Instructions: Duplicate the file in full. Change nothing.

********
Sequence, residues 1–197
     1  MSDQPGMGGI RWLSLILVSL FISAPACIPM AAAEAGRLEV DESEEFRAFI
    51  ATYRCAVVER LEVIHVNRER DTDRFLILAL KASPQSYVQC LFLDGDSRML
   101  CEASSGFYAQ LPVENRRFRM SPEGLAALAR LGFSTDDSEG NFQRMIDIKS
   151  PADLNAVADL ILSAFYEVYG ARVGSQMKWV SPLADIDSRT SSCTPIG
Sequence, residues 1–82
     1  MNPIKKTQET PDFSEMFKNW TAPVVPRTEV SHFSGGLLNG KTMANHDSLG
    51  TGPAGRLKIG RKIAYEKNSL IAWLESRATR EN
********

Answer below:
Sequence, residues 1–197
     1  MSDQPGMGGI RWLSLILVSL FISAPACIPM AAAEAGRLEV DESEEFRAFI
    51  ATYRCAVVER LEVIHVNRER DTDRFLILAL KASPQSYVQC LFLDGDSRML
   101  CEASSGFYAQ LPVENRRFRM SPEGLAALAR LGFSTDDSEG NFQRMIDIKS
   151  PADLNAVADL ILSAFYEVYG ARVGSQMKWV SPLADIDSRT SSCTPIG
Sequence, residues 1–82
     1  MNPIKKTQET PDFSEMFKNW TAPVVPRTEV SHFSGGLLNG KTMANHDSLG
    51  TGPAGRLKIG RKIAYEKNSL IAWLESRATR EN